People were starting to notice. Each time I would slyly pull the plastic bottle of cashew-vanilla-cinnamon-agave juice out of my bag I could feel the judgmental vibe. What kind of person pays more than $10 for a half meal? Hasn’t she had one of those three times this week already? But I didn’t matter; I was completely hooked, and I even dragged a few friends down with me, telling them that a little experimentation couldn’t hurt. It wasn’t until I took a long hard look at my grocery bills over a two-month period that I realized this had to stop…or I had to start making my own.
Which led me to do some heavy research on juicers–which kind would give me the closest result to my beloved cashew drink? What I’ve come to understand is that when it comes to juicers, you’ve got two basic schools of thought: there are those who cold press, and those who go for the high motor (centrifugal) juicers. A cold press, or masticating juicer, processes ingredients with a low motor and at a low speed, which retains more enzymes, nutrients, and cuts down on the oxidation of the juice so it lasts longer in the refrigerator. A centrifugal juicer has a high power motor and whips the ingredients around so fast that it eliminates pulp and tough fibers. The main drawback here is that the high power motor produces heat, resulting in the loss of some of the raw-form nutrients (if you’re using the juice to cook with, the centrifugal is ideal, and they’re often more affordable).
Below we’ve looked into the best juicers in each category; if you’ve had any experience with the appliances below or have one to add, let us know about it in the comments section.
Above: Heidi Swanson of 101 Cookbooks recently inherited a Waring PJE101 Quite White Juice Extractor. The extractor features an industrial strength, 550-watt motor with a stainless steel blade and centrifugal force and can be used with a citrus attachment that is sold separately; $149 from Factory Direct. Its newer model, the PJC44 Juicing Center, expands upon the first design with more stainless steel incorporated for easier cleaning, cellulose filters for juicing softer fruits, and the citrus attachment included for $199 from Amazon. Photograph by Heidi Swanson from A Lesson in Juicing on 101 Cookbooks.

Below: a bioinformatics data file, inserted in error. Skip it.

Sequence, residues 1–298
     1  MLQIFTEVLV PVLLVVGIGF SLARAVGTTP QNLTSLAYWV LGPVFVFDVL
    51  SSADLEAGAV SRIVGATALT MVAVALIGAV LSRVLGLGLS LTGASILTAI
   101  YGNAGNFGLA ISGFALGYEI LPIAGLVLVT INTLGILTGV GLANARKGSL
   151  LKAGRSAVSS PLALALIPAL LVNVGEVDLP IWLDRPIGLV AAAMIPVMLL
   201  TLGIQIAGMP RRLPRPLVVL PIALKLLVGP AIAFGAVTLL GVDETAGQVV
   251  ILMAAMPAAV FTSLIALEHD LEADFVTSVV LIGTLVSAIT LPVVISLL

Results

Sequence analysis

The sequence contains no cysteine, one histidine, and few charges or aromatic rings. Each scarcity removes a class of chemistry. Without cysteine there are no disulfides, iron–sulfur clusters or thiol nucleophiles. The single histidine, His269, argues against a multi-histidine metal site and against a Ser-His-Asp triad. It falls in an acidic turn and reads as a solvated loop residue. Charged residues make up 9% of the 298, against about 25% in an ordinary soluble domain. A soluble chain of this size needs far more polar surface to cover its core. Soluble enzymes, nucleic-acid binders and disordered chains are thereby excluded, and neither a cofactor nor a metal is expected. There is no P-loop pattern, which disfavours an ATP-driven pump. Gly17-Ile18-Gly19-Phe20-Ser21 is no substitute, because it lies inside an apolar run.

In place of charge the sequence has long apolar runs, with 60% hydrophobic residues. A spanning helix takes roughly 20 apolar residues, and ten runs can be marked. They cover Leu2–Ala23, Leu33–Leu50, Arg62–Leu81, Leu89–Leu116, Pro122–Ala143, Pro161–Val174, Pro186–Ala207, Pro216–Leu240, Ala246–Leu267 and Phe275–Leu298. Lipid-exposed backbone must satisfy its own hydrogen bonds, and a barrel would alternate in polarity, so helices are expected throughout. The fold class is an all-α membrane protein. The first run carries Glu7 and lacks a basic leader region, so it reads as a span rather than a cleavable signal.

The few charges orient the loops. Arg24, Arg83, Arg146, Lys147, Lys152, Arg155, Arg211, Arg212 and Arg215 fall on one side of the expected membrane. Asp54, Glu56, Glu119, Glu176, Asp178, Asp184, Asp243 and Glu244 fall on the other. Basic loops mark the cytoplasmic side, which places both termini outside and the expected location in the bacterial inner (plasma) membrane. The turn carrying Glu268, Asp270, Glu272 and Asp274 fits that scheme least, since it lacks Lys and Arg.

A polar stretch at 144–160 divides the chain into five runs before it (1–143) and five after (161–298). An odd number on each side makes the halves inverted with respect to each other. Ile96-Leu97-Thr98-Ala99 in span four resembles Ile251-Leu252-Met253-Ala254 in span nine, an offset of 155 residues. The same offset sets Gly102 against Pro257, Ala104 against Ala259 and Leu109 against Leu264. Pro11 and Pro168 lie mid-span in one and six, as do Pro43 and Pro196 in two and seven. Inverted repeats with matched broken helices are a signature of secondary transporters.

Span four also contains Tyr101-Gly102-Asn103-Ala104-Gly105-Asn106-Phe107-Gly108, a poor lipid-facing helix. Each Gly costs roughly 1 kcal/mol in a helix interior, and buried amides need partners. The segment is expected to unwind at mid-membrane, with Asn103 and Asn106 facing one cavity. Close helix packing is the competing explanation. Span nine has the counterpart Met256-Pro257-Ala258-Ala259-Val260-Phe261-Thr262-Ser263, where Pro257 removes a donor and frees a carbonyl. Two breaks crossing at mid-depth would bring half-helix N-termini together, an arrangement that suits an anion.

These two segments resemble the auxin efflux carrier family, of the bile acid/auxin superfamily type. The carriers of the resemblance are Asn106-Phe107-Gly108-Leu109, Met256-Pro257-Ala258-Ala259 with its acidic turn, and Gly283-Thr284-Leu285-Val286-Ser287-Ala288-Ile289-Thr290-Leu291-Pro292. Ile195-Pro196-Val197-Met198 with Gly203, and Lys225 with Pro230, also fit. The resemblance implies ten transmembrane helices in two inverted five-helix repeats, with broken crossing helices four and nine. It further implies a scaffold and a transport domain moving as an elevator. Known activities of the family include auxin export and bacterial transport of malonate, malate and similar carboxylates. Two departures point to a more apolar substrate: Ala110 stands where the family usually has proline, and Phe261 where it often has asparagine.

Above: Breville’s 800JEXL Juice Fountain Elite 1000-Watt Juice Extractor has two speed controls of 6,500rpm for soft fruit to 13,000rpm for tougher fruit. The stainless-steel micromesh filter and titanium-plated cutting disk, along with other parts, are all dishwasher safe and housed in die-cast steel. The 800JEXL is $299 from Amazon.
Above: Cuisinart’s CJE-1000-Watt 5-Speed Juice Extractor uses its 1000 watts of power to process soft to tough fruits and vegetables at variable speeds. It has a large 3-inch feeding unit for larger ingredients, a foam management filter disk, and anti-drip adjustable flow spout; parts are dishwasher safe; $149 directly from Cuisinart.
Above: The Kuvings NJ-9700U Centrifugal Juice Extractor in Chrome has a 350-watt motor with dual speed options: a low 9,500rpm up to a turbo 11,000rpm to juice anything from a soft orange to a fibrous piece of ginger. The Kuvings extractor also has a fine mesh stainless steel juicing screen and extra large feed tube to cut down on prep work; $179 from Amazon.
Cold Press Juicers
Above: The classic masticating juicer is the Omega J8004 Nutrition Center Commercial Masticating Juicer that processes at a low 80rpm speed to maintain enzymes, prevent oxidation, and allow for juice storage for up to 72 hours without degradation. The juicer claims to process everything from fruit and leafy green juice to nut butters and baby food and to grind garlic, herbs, coffee, and spices; $269.99 from Overstock.
Above: The Breville BJS600XL Fountain Crush Masticating Juicer Slow Juicer processes fruits and vegetables with a 240-watt motor at 80rpm. The result is a thicker juice and more juice from leafy greens than centrifugal juicers, which process them at a higher speed; $299.95 from Williams-Sonoma.
Above: Add the Champion Household 200+ Juicer to that list of classics, powered with 1/3 horsepower General Electric. It does operate at a much higher speed than most masticating juicers (540 watts), but does claim to maintain nutrient levels in the juice it produces and among juicing communities, it is somewhat of a cult classic. The juicer is $269 from Live Super Foods. Made in the USA.
Above: Named the Best New Kitchen Appliance by Bon Appétit, the Hurom Black Slow Juicer operates at 80rpm, uses 150 watts of energy, and weighs just 12 pounds. As with the other cold press juicers, the Hurom breaks up phytonutrients for rich-colored juice, retaining vitamins and minerals. Available for $359.95 from Sur La Table.
Above: Named the “Rolls-Royce of juicers” in many user review threads, the Super Angel All Stainless Steel Twin Gear Juicer 5500 has a twin gear impeller press system that rotates at a low 86rpm, an ideal speed for keeping enzymes and nutrients alive in the juice. The Super Angel is $1,184 from Amazon.
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